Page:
What the Genesis text helps us perceive is that the Jewish concept of God brings God close and personal, so close in fact that the first human experiences God’s presence when taking his first breath! God’s face is the first Adam sees. God’s face is the first Eve sees. What a beautiful picture of bonding and attachment of the first male and female to their Creator right after the moment of their birth! 3
We must repeatedly remind ourselves of this: God is neither male or female, nor is God human. Therefore we must recognize something sacred, profound, and mysterious is taking place. Maybe the account is teaching much more than what we dare (or even care) to think about.
Sandra Richter shows that Isaiah imagines the idol-making industry, and rightly so. But what we also see here is God performing the patient and arduous task of a midwife. The midwife’s tender fingers remove the mucous from the mouth and nostrils of the newly born. With a brisk swat to the bottom, she rejoices when the first gasp deeply inhales that first gulp of air necessary for life.
Clearly, this God is unlike all other gods!
Second Adam: A human like no other
The second Adam however came from heaven and not from the dust of the ground, being formed by the Holy Spirit in Mary’s womb (Matt 1:20; Luke 1:35, 1 Cor 15:47b). The closest thing to physical matter, to the dust of the earth for Jesus was Mary’s womb.
So here we note that Jesus’s birth – the means of his coming into earthly existence – is radically other than our way of entering into our earthly presence.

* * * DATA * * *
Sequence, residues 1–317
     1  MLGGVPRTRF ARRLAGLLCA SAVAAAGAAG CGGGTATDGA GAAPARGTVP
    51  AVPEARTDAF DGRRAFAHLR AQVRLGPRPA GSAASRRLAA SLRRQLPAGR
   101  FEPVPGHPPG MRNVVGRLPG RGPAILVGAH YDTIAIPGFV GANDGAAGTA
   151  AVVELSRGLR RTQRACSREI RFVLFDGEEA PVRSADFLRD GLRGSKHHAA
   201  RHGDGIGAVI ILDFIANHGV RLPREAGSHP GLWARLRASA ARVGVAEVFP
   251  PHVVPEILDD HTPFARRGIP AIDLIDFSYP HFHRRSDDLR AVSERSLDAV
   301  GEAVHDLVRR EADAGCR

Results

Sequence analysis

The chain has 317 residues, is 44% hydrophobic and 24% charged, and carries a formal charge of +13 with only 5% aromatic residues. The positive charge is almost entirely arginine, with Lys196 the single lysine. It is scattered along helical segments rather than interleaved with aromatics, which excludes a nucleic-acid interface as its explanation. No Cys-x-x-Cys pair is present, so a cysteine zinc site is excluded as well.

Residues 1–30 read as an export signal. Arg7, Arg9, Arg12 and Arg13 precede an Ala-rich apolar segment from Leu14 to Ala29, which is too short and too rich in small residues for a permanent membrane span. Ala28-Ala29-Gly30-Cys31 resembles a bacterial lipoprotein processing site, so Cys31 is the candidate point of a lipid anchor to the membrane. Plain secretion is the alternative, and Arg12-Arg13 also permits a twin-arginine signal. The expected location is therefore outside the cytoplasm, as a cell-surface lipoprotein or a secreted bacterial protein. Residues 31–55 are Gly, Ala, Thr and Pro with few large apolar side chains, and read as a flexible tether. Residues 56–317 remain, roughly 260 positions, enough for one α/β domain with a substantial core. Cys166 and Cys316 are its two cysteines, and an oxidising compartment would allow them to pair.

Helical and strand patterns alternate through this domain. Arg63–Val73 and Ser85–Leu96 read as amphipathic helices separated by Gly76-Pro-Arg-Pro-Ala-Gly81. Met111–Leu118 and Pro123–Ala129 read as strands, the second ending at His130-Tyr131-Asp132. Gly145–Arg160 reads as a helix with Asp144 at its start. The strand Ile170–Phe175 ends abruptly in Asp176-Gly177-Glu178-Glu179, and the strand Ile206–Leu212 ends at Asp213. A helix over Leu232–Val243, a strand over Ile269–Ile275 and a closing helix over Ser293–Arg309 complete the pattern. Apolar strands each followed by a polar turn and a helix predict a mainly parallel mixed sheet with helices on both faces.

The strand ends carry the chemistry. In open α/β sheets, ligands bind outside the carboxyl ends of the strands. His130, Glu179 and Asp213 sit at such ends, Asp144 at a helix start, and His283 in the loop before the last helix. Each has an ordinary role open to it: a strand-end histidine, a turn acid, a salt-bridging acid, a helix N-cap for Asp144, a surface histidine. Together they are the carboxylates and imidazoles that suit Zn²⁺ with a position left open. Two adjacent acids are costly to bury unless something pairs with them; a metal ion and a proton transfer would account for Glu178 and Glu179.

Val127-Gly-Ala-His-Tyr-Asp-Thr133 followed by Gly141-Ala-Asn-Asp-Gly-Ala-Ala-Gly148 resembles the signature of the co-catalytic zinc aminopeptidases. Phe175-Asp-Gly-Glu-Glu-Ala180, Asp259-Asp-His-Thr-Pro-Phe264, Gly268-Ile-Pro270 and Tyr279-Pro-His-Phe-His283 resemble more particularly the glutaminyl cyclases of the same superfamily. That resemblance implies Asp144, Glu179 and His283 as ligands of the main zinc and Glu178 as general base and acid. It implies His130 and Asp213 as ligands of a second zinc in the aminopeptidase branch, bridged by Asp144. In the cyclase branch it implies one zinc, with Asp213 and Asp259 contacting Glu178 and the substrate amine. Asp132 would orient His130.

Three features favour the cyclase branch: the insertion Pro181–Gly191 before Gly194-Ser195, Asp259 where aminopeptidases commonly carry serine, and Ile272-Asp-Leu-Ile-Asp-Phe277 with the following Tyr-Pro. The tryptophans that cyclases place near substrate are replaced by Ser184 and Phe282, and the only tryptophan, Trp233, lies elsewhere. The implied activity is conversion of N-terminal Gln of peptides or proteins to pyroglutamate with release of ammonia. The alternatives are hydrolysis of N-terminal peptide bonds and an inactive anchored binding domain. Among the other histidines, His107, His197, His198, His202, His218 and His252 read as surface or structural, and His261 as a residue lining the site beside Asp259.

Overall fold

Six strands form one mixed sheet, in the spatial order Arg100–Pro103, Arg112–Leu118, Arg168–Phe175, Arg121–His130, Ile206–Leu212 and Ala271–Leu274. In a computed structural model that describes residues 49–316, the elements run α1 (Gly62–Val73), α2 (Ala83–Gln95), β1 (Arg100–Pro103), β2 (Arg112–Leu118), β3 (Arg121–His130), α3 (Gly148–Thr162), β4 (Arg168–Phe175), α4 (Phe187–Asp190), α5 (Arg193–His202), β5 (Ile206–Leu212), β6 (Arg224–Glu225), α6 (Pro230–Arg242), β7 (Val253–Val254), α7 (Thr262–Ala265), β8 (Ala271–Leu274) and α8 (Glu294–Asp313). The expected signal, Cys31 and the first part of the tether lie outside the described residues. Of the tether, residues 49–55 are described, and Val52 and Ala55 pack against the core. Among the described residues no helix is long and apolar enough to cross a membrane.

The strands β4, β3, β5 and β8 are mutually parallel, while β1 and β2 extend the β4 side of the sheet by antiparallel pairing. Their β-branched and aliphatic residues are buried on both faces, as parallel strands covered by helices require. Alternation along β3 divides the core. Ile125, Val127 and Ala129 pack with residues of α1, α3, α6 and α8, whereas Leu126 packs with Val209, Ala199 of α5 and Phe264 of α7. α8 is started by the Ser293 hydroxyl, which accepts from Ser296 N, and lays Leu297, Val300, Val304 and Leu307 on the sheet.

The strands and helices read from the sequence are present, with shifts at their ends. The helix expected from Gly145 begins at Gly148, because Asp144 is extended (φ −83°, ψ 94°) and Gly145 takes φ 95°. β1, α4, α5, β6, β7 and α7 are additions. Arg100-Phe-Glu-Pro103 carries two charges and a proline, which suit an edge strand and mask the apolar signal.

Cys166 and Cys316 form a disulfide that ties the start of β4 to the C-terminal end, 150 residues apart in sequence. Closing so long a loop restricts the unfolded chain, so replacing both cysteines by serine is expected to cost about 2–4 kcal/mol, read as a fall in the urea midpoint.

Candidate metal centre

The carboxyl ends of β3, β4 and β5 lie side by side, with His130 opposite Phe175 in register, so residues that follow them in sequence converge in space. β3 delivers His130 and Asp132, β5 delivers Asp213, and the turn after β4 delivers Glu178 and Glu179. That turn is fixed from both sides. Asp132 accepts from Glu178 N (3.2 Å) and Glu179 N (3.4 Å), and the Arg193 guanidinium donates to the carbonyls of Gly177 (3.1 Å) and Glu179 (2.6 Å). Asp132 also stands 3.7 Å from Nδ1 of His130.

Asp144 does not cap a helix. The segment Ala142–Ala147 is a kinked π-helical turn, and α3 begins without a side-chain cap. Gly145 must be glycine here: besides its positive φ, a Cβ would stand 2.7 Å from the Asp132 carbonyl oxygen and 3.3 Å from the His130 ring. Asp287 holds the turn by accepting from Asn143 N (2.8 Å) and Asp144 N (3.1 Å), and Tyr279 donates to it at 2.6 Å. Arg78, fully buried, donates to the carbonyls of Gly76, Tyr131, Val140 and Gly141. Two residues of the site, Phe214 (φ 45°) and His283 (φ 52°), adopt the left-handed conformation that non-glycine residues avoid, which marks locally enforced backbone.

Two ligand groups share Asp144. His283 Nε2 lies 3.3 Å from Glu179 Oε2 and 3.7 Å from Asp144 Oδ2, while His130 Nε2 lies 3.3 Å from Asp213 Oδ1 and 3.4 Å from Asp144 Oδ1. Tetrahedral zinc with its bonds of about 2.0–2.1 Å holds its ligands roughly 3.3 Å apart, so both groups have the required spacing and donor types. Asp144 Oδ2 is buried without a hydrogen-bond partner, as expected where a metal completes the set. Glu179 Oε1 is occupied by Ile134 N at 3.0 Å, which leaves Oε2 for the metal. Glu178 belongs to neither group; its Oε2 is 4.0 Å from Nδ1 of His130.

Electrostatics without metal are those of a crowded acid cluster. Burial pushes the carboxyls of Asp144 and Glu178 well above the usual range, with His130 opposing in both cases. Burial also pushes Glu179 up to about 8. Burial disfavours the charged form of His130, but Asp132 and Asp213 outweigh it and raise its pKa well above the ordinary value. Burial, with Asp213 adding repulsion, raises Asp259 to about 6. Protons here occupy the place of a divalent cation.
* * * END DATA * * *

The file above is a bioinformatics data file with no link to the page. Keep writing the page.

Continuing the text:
Paul looks back through the ancient mytho-historical account in Genesis in order to compare the first human being Adam (anthrōpŏs) with Jesus, the second Adam. 4 In his discourse about the origin of death through the first Adam’s sin (Rom 5:12) Paul’s use of the Genesis 3 account reveals his view that sin entered into our physical, material world through the first Adam’s (anthropos) disobedience, thus setting the first anthrōpŏs uniquely different, and in opposition to the second anthrōpŏs, Jesus Christ.
In the account of the creation, if it is so that the first female is birthed from the first male, as noted above, we might wonder if Paul has both male and female in mind? I’ll save that for another time.
In looking at the Genesis account of the origin of humanity, we note a similarity between the two. By comparing the first Adam with Jesus, the second Adam, we discover both Adams come into their earthly and historical existence in extraordinarily, unique ways from the rest of all humanity before or after them.
The similarity ends there and the contrasts begin.
One disobeyed. The other perfectly obeyed. One brought death to all and died after 930 years, returning to the dust of the ground (Romans 5:12). This second lived a short life, suffered a brutal death at a young age, only to be resurrected into an incorruptible body for all eternity.
Our Priest: A priest like no other
I’m a female who is committed to following the Second Adam, who is Jesus Christ. Yet, if I’m honest, I sense more of a kinship with the first adam than I do with the second adam. I’m more attached to my humanity than I care to admit. My earthly nature is slowly being replaced by the one inherited from Christ. I long to know the One from above while doggedly seeking to shun the one from below.
How is it possible, then, that the second Adam – a male born from above so perfect and whole, who sits at the right hand of the Father as our High Priest – is able to relate to my femaleness as the Hebrew writer claims he does?